Chance Gibbs

I’m a 90’s kid.

I was born in 1986 but grew up in the 90’s and I loved every single minute of it.

Great television, great films, great music – the 1990’s is the generation that defined me.

It really was the last decade where kids played outside, used their imaginations and didn’t have their face stuck to a tablet screen.

Every now and then when I’m feeling nostalgic, I’ll play my old school Nintendo 64 (Mario Kart is the greatest video game ever made) or watch those classic teen movies that cemented the late 90’s place in cinematic history.

Often times I miss pop culture’s best decade, so on March 4, when 90’s icon Luke Perry passed away, my 90’s loving gut took a punch.

Everyone knows Luke Perry.

To audiences today, he’s Archie’s dad, “Fred Andrews,” on “Riverdale.”

To audiences of yesteryear, he’s “Dylan McKay,” the bad boy son of a millionaire (and boyfriend to Brenda and Kelly) in the role that made him a star on “Beverly Hills, 90210.”

I am fortunate enough to have been alive to watch both of those shows while he was on them, and while “Dylan McKay” is one of television’s most famous characters, my personal favorite role of Luke’s was in the Lane Frost biopic, “8 Seconds.”

“8 Seconds” tells the story of bull riding legend Lane Frost, whose rise to rodeo fame was cut short in 1989 when he was killed in the arena at Cheyenne Frontier Days.

I have mentioned that my dad was a professional calf roper (who also had his heyday in the 1990’s) several times in the past.

We went to Cheyenne Frontier Days quite often when Dad roped there and Dad had known Lane in real life, so when “8 Seconds” came out, although not a huge box office success, it was a massive hit at our house.

Actually, a dream of mine as an actor was to one day play Luke’s son in a movie, but sadly, that will never happen.

To share a personal story, I think one of the main reasons I look at Luke as one of my idols, other than his body of work as an actor, is because everyone tells me that I look just like him.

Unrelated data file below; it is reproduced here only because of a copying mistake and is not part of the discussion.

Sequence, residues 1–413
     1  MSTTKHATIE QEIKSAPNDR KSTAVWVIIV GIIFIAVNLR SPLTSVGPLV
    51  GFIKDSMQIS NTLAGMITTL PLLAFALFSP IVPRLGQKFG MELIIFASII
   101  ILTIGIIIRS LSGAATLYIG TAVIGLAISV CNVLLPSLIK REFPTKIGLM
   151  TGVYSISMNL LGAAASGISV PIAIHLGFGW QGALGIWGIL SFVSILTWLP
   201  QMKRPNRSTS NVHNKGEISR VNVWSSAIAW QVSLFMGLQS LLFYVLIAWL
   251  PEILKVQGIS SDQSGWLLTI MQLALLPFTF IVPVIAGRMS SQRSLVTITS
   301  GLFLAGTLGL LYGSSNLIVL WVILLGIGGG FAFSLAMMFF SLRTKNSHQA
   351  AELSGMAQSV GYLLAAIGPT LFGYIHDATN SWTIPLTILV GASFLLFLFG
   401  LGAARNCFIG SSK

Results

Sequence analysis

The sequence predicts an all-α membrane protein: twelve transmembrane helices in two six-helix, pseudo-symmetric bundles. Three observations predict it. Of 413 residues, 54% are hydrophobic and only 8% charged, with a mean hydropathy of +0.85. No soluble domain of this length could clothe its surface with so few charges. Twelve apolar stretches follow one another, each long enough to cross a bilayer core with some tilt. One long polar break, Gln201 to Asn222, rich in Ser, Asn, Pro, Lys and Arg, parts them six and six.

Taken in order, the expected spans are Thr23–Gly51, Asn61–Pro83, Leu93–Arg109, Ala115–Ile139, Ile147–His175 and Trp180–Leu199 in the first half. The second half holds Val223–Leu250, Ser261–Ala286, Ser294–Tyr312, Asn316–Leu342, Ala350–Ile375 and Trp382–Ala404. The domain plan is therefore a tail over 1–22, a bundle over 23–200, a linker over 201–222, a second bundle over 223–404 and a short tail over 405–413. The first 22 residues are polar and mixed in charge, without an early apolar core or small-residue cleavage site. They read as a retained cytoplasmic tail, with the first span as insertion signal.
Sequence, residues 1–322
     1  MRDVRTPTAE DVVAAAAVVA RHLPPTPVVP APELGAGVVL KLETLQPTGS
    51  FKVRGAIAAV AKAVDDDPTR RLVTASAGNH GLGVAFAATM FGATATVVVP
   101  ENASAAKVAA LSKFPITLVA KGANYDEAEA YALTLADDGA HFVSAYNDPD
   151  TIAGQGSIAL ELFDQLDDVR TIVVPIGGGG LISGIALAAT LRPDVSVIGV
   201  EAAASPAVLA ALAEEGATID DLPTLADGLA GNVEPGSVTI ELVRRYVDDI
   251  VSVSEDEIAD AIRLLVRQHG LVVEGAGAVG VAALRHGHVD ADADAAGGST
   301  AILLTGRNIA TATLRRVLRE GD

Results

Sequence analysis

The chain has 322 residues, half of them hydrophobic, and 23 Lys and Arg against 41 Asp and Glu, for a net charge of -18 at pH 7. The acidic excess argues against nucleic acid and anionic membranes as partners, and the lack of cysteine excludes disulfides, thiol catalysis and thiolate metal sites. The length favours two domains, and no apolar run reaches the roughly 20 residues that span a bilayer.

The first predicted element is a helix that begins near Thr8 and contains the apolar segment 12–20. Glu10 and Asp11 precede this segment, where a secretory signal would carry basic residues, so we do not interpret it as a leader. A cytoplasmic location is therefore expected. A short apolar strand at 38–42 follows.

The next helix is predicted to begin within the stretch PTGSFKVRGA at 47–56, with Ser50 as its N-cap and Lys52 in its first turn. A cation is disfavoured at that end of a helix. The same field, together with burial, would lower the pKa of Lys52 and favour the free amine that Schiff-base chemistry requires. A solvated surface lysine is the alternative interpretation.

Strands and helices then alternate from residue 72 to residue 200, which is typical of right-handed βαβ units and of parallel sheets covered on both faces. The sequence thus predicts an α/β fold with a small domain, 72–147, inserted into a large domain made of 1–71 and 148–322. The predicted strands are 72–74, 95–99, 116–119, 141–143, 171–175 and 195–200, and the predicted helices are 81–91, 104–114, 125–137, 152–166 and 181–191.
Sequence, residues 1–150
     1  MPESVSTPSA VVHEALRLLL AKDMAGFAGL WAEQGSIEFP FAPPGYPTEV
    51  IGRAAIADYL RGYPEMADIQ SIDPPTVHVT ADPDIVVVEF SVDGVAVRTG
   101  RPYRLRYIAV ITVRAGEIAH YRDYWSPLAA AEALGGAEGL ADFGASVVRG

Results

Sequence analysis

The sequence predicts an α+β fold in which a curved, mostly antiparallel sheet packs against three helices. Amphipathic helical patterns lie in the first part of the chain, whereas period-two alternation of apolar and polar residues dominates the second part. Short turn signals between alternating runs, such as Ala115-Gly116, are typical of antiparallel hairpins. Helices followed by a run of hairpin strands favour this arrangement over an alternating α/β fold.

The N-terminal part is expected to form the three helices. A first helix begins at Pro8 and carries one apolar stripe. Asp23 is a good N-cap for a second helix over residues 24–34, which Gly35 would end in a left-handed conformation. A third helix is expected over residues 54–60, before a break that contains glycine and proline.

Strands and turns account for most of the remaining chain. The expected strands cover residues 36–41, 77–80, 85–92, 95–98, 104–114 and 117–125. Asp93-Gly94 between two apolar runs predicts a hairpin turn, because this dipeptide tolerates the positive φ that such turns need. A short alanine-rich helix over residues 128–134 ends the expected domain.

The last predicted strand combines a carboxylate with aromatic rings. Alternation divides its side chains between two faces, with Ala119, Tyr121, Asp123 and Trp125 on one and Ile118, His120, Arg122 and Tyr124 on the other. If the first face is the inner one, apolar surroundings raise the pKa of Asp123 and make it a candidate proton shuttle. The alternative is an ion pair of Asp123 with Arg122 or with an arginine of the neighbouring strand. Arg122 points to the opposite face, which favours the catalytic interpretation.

When I was younger, I went through the “problem years” we all have experienced.

I was overweight, and I was bullied at times because of it.

I laugh now, but at the time “Fat Chance” wasn’t easy to hear.

I would watch “Dylan McKay” on “90210” and I would think “If I could just look like Dylan, people wouldn’t be mean to me.”

Later in life, circa 2007, I lost 60 pounds and was waiting tables.

Over and over, people would tell me “You look like that guy from ‘8 Seconds,’” or “Has anyone ever told you that you look just like “Dylan McKay?” '

A nice compliment to which I’d reply, “I get that a lot,” but also inside I thought (and still do) “I DID IT! I wished it would happen, and it did!”

Coincidental, I know, but God it made me feel good!

I could go on and on about Luke Perry because he’s someone I look up to, but I don’t have to.

You know his career, you’ve seen him in just about every entertainment medium, and if you love the 90’s as much as I do, a small part of you will lament the loss of one of the decades brightest stars.

Luke Perry suffered a stroke at his home in California on February 27, 2019.

After a second stroke in the hospital, his family decided to remove him from life support.

Luke died on March 4, 2019. He was 52 years old.

Goodbye, Luke, and when you see Lane up there, tell him we said to “Cowboy up.”